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Proximal Learning With Opponent-Learning Awareness
Stephen Zhao · Chris Lu · Roger Grosse · Jakob Foerster

Thu Dec 01 09:00 AM -- 11:00 AM (PST) @ Hall J #403

Learning With Opponent-Learning Awareness (LOLA) (Foerster et al. [2018a]) is a multi-agent reinforcement learning algorithm that typically learns reciprocity-based cooperation in partially competitive environments. However, LOLA often fails to learn such behaviour on more complex policy spaces parameterized by neural networks, partly because the update rule is sensitive to the policy parameterization. This problem is especially pronounced in the opponent modeling setting, where the opponent's policy is unknown and must be inferred from observations; in such settings, LOLA is ill-specified because behaviorally equivalent opponent policies can result in non-equivalent updates. To address this shortcoming, we reinterpret LOLA as approximating a proximal operator, and then derive a new algorithm, proximal LOLA (POLA), which uses the proximal formulation directly. Unlike LOLA, the POLA updates are parameterization invariant, in the sense that when the proximal objective has a unique optimum, behaviorally equivalent policies result in behaviorally equivalent updates. We then present practical approximations to the ideal POLA update, which we evaluate in several partially competitive environments with function approximation and opponent modeling. This empirically demonstrates that POLA achieves reciprocity-based cooperation more reliably than LOLA.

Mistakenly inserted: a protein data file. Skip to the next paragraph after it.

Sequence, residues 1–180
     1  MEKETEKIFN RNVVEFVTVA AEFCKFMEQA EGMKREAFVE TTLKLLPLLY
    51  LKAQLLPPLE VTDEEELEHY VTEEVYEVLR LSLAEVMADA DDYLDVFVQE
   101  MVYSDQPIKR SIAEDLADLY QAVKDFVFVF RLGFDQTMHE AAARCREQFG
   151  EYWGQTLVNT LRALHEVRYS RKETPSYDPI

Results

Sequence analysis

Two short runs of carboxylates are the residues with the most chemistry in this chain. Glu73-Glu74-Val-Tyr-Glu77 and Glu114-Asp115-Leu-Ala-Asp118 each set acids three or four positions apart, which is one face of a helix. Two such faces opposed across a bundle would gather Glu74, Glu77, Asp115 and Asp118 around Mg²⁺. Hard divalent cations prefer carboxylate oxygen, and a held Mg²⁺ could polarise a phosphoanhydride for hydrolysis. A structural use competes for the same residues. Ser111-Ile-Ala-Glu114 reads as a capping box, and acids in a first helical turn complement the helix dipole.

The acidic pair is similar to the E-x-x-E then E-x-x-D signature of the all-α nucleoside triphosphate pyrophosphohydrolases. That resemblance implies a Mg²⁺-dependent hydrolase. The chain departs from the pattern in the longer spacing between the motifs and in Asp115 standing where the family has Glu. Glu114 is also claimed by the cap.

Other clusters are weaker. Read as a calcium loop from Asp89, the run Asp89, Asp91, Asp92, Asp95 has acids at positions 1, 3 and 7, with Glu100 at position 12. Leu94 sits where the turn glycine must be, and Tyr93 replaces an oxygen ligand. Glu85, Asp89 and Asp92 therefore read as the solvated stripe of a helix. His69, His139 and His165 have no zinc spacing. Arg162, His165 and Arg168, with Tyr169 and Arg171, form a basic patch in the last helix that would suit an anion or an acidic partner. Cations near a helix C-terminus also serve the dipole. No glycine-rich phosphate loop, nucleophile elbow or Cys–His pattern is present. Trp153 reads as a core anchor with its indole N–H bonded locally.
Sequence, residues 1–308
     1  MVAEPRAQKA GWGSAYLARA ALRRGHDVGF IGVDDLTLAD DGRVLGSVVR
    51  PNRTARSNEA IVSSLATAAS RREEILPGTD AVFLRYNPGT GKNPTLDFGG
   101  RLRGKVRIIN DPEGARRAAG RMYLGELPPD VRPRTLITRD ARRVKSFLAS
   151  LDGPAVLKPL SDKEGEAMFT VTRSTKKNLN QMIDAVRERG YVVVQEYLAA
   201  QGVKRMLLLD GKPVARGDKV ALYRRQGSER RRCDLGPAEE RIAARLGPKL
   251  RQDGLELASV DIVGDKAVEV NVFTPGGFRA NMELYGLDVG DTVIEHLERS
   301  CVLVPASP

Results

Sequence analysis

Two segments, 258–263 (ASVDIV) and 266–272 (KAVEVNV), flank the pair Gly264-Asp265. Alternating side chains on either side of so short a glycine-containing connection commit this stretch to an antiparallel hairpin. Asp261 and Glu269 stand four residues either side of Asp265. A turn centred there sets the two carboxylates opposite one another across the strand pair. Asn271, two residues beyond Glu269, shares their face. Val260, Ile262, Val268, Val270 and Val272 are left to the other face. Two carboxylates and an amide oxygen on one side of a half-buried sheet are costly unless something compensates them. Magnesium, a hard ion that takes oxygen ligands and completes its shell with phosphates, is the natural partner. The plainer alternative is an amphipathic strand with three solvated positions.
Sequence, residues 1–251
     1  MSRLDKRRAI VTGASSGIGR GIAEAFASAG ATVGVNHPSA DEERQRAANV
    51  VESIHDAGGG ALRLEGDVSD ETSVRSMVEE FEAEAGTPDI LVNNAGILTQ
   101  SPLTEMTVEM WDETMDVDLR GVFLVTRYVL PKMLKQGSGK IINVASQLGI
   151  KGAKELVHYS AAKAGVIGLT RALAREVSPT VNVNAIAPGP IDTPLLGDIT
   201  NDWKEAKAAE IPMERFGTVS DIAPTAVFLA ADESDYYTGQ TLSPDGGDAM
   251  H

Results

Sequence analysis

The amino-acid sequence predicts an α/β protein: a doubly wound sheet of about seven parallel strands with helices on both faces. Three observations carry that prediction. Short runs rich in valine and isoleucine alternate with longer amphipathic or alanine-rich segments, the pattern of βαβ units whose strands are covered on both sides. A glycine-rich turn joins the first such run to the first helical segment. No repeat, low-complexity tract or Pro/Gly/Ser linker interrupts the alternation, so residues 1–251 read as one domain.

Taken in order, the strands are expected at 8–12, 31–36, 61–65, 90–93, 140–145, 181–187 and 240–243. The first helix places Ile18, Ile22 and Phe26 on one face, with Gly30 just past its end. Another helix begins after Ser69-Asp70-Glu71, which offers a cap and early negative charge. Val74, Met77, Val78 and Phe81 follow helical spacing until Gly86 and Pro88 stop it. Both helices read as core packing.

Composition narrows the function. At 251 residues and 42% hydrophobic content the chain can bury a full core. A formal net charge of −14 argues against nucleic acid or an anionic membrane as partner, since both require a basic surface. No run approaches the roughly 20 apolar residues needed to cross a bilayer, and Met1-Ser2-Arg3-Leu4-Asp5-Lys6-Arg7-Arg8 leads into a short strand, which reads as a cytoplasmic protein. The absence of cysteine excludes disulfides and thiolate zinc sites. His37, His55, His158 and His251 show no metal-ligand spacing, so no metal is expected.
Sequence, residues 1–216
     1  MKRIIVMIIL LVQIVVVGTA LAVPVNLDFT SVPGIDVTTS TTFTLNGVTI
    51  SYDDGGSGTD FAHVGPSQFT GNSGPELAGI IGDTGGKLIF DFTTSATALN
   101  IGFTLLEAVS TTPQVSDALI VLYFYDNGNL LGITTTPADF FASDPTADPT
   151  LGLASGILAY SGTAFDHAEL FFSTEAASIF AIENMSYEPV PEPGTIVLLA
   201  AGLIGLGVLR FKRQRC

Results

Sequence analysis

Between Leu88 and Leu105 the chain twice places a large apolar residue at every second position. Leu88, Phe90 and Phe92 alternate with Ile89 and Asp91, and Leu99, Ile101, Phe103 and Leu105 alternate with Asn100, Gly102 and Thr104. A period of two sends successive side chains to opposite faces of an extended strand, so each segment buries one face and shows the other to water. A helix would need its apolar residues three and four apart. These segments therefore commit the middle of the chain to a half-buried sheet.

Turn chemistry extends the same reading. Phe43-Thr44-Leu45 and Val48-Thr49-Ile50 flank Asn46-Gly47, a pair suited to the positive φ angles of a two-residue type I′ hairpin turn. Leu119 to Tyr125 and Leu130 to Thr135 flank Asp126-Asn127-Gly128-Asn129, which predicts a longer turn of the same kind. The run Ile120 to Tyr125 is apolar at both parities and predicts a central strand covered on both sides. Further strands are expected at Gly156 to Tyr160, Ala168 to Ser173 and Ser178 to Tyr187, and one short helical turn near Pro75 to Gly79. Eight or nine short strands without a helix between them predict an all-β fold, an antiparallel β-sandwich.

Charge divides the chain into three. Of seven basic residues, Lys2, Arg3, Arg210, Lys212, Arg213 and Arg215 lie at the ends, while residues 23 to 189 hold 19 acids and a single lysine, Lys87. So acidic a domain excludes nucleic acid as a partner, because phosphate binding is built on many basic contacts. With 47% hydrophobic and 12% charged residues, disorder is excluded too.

Author Information

Stephen Zhao (Department of Computer Science, University of Toronto)
Chris Lu (University of Oxford)
Roger Grosse (University of Toronto)
Jakob Foerster (University of Oxford)

Jakob Foerster received a CIFAR AI chair in 2019 and is starting as an Assistant Professor at the University of Toronto and the Vector Institute in the academic year 20/21. During his PhD at the University of Oxford, he helped bring deep multi-agent reinforcement learning to the forefront of AI research and interned at Google Brain, OpenAI, and DeepMind. He has since been working as a research scientist at Facebook AI Research in California, where he will continue advancing the field up to his move to Toronto. He was the lead organizer of the first Emergent Communication (EmeCom) workshop at NeurIPS in 2017, which he has helped organize ever since.

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